First publishedin Aggregates Business Europe
Fuel efficiency is a key focus for excavator development.
Need for higher breakout forces and limited working space is driving demand for larger excavators in European quarries. Claire Symes reports
While wheeled loaders can provide lower operating costs for face loading duties, narrow or high benches and need for greater breakout force mean that excavators are the best solution for some quarries. Nonetheless, the latest designs are helping to deliver better productivity with better fuel economy and higher efficiency than ever before.
Quarries using excavators appear to be continuing to invest in larger machines and the manufacturers are responding with larger models - Caterpillar
has announced the new 90tonne 390D, while Doosan
has added the 71.5tonne DX700L.
"Larger excavators are better for production and cost per tonne of production but the size of machines specified in European quarries is restricted by the size of trucks used," said Cat corporate account manager for quarries Vincent Migeotte. "Cat's new 374 and 390 excavators will help meet this demand for larger machines." Hitachi
international sales manager for heavy and mining equipment Greg Smith is also seeing continued investment in larger excavators. "Quarries are still investing in large excavators but there is also strong demand for large wheeled loaders although this is dependant on the application," he said.
"Quarries are actively trying to reduce costs and some are trying to lower blasting costs with different patterns to meet outside constraints, so need the higher breakout force and strong structure of an excavator to cope.
"The blasting, truck size and processing all have an influence on the use of excavators but the main thing limiting the size of machines is the capacity of the primary crusher. But we are seeing investment in this area, so the upward trend in excavator sizes may well continue."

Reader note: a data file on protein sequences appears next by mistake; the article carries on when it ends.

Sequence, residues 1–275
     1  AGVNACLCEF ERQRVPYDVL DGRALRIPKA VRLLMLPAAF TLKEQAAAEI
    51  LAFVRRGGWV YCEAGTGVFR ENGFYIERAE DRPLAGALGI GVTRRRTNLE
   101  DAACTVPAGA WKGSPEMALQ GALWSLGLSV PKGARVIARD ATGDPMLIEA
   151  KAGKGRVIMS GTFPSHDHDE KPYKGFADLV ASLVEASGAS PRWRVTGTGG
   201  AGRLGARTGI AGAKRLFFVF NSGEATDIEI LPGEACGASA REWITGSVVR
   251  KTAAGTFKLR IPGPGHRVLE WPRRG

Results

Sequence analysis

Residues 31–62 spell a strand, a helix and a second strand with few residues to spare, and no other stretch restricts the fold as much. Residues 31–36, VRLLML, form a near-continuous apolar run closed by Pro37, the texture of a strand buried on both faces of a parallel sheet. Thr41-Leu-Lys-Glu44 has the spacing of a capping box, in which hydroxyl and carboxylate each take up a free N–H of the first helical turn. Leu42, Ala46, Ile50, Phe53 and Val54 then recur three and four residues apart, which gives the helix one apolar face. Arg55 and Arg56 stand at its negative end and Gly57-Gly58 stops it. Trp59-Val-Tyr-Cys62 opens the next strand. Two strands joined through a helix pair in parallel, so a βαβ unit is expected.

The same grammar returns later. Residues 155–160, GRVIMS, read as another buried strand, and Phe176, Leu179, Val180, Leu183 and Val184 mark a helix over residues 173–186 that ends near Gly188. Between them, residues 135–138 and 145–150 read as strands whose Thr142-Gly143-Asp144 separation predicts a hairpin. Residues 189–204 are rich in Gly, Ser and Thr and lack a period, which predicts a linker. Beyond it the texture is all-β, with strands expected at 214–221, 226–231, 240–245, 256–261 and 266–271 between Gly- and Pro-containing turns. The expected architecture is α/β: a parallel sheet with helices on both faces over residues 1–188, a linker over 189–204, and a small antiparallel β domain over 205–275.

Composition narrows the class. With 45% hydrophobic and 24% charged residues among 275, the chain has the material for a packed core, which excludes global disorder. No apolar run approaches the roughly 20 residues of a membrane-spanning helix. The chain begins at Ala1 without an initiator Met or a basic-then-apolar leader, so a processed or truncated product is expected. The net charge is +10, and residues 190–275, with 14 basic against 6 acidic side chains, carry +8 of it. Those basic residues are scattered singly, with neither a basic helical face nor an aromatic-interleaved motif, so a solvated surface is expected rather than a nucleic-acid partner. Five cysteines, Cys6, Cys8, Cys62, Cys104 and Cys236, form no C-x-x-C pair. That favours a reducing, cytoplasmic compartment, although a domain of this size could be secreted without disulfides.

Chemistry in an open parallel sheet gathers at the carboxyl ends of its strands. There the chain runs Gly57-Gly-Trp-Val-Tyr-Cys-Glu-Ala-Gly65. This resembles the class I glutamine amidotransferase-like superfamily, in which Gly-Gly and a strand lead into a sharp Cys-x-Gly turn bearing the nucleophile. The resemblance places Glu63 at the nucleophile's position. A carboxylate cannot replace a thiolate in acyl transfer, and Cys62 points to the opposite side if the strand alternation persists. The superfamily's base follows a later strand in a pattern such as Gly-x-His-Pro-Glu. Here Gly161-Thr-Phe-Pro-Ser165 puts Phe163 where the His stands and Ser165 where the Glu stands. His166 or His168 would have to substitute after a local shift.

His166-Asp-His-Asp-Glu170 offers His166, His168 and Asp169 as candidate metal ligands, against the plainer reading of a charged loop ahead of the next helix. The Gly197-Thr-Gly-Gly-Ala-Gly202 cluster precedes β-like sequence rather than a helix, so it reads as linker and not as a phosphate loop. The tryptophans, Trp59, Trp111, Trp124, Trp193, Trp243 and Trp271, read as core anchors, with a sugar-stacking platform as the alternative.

The key drivers in the European excavator market are currently fuel efficiency, overall cost of ownership, reliability and productivity. According to Smith, hybrids are coming and will be at the forefront of technology but Hitachi's focus is on the productivity of the machine, and he believes that hybrid power may not be the best solution for larger machines. Volvo
Construction Equipment European director of sales support Kurt Delue said, "For us, future development at the moment is concentrated on the successful implementation of Stage IIIB compliant equipment that is both fuel efficient and reliable. Fuel efficiency is a big driver in the quarrying sector and Volvo has made real progress in this area through efficient hydraulic and engine technology. These advances should be matched, if not improved upon, with our Stage IIIB offering that will become available in 2011."
"Technological development in the last few years has focused on engines but future development is likely to be on reducing noise. Other safety development with ROPS/FOPS cabs has delivered a good level of equipment but there is more to come in the area of noise, I think. Nonetheless, I am sure we will get smarter when it comes to other safety features too," said Smith.
Customer demand is also driving safety developments at Cat and the walkway around the engine area on the new 374 is much larger than previous models and a larger cab gives improved visibility. But Migeotte said that Cat would continue to focus on further safety improvements.
Delue also cites adoption of ROPS cabs as standard as a major step forward in safety for quarries. "We also offer FOPS as an option, which does suit some quarrying applications," he said. "One cannot discount the productivity value of site safety either. It goes hand-in-hand that a safe quarry sees higher optimisation of the equipment, which in turn means an operator can gain maximum value from each day."
According to both Migeotte and Smith, quarry operators can improve the productivity of excavators without investment in the latest technology. "Selecting the right work mode is essential," said Migeotte. "Latest electronics make this more intuitive but using the right mode can help improve economy." Smith added, "One of the main mistakes I often see is that operators do not fully understand all the machine variables and therefore do not use them fully. A good example is the different work modes available that allow the machine function to be tailored to the application." Driver training can also improve results and both Cat and Volvo offer programmes that focus on delivering productivity with economy. "Eco-drive training could also help operators to modify their driving to achieve better fuel economy by just making some small adjustments that would help reduce cycle times and wear," explained Migeotte.
He added that other small steps can also help improve operations on site. "Simple safety advice that is sometimes ignored include not loading from the blind side and careful positioning of the undercarriage to ensure the least strain on the machine," said Migeotte. "Operators and basic mistakes in layout can have a real influence on production and safety."